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We need to cash in a cd to open an account for use of the funds for my mothers care.

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I had no issues with the bank, however, one of the investment companies is driving me up a wall. I guess it's better that they are trying to prevent fraud, but it's a real pain when everyone has gone thru the trouble to get the legal documents in place.
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The POA depends on what the document says for activation. Some require a declaration of incompetence, while others activate upon signing the document. You must look at the specific wording in that POA document, as each document can vary tremendously.
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Sometimes it helps to have a bill from the rehab or facility with you when you make the transfer. WxllsFaXXo....... is the absolute WORST when dealing with POA's.
I have a friend who had to take them to court when they were the executor of an estate....seems they wanted to make the most of their 2%.
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I took my mom to the bank right after I got the POA, there were papers for my mom to sign and her Financial Adviser was able to make phone calls to Transamerica to get their formed emailed and signed. I'm glad the bank was looking out for my mothers interest, even though her Financial Adviser has met me before.
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This is not true. As long as you are POA it should not matter have you tried a different branch!?
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It's probably the wording on the POA that is the issue. POA is done in a way that implies that it's a "springing" POA….it springs into action IF they are unable to do for themselves and you need corroboration - the doctors note - to state that's the situation.

How was the POA done? at a law office with witnesses and has notary seal OR was it off the net or a form gotten at a senior services program?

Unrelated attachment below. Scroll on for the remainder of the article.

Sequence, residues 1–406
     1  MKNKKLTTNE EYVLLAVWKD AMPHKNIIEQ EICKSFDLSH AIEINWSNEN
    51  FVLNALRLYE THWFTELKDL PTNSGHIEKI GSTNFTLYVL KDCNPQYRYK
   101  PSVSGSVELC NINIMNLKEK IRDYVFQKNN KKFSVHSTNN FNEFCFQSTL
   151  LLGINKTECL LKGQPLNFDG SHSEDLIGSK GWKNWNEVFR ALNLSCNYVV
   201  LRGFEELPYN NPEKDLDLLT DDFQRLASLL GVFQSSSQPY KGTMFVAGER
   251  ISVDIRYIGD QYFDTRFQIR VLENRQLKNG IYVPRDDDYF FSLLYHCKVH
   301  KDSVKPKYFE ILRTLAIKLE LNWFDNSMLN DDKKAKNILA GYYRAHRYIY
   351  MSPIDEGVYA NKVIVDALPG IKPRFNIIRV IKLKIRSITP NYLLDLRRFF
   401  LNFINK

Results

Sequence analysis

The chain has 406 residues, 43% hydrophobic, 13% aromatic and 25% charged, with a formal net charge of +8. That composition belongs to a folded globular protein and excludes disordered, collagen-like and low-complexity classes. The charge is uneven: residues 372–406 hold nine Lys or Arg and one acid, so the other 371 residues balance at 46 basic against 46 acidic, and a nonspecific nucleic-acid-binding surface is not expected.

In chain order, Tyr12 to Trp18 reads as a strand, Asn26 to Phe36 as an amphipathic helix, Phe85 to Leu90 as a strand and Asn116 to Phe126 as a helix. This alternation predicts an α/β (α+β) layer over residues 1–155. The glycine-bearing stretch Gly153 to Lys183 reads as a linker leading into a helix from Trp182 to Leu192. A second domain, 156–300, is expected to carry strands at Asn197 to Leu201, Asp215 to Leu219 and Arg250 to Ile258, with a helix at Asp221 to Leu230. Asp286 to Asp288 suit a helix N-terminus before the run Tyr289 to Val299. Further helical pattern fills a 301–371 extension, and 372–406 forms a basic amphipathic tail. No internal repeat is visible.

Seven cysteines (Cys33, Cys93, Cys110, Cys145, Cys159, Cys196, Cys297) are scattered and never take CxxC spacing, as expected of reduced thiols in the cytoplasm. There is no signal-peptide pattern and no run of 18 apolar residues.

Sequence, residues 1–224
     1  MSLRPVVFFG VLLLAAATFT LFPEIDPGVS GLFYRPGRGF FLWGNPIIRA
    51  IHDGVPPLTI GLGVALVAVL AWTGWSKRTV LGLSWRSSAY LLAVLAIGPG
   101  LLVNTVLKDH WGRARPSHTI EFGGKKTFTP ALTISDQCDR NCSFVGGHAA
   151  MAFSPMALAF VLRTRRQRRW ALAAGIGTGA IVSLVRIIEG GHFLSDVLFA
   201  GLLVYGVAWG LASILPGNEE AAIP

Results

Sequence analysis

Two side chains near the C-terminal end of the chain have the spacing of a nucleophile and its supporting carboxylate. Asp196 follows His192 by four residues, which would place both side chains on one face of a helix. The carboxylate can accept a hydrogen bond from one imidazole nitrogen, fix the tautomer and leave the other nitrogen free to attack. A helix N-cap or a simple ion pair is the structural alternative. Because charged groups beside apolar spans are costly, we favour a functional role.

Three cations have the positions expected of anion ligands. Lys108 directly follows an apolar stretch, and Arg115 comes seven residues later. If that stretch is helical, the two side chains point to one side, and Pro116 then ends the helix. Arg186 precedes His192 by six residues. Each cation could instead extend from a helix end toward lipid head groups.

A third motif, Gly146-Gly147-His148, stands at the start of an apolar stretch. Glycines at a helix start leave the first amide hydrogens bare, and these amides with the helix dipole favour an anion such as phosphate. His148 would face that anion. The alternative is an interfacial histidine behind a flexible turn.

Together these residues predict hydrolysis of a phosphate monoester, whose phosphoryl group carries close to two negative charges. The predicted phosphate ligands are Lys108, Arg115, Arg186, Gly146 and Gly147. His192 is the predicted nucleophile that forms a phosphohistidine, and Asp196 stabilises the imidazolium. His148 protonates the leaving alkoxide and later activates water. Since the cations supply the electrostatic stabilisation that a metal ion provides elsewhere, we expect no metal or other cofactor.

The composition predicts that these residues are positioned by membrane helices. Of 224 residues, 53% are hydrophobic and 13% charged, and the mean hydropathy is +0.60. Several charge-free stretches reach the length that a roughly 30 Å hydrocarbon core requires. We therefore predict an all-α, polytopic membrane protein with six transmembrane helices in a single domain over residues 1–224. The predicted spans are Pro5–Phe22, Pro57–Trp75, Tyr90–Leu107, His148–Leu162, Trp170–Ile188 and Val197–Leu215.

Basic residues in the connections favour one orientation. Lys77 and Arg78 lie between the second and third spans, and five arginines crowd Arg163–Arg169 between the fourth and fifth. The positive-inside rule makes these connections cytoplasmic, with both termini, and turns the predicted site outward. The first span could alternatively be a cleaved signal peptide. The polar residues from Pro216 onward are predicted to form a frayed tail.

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I'm assuming the bank is looking for proof that mom is unable to tend to her affairs. I've had a mixed bag of experiences from banks using my POA. I agree with Maggie, it's usually easier to jump through the hoops and I hate banks too, almost as much as insurance companies.
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I agree with what Maggie said. POAs are really too easy to assign. Banks have probably had bad experiences with them. I may also be reluctant to do serious business transactions with someone who has a POA unless I had complete understanding of the situation. Even if the POA is legit, there is always the chance that they could be abusing the trust placed in them for their own benefit. I think the banks are right being cautious in working with them. We have heard of a few cases here on AC where the POA may have been misused.
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I hate banks. They gave their own rules apart from the rules and laws of one's state. It's been my experience that it's better to work with them than to fight them. POAs are, frankly, loosy-goosy, frankly. You present your POA to the bank, they let you draw out money. Mom comes to them two weeks later and says, "I revoked that POA three years ago. Give me my money."

See the problem? If you are at ALL able, hire a medivan and take mom to the bank with you. Bring her driver's license or state I.d. And the POA.

"Mom wants me to start handling her finances now. Here's her ID and the POA for your files. Right, mom?" If she's like my mom, she'll smile and say yes. If not, just plow forward. In most cases, that'll be the end of it.

If you can't get her to go with you, then go to her primary care physician and ask for a letter that says leaving home is too difficult. If they want something that says she,s incompetent, that's going to be a problem.
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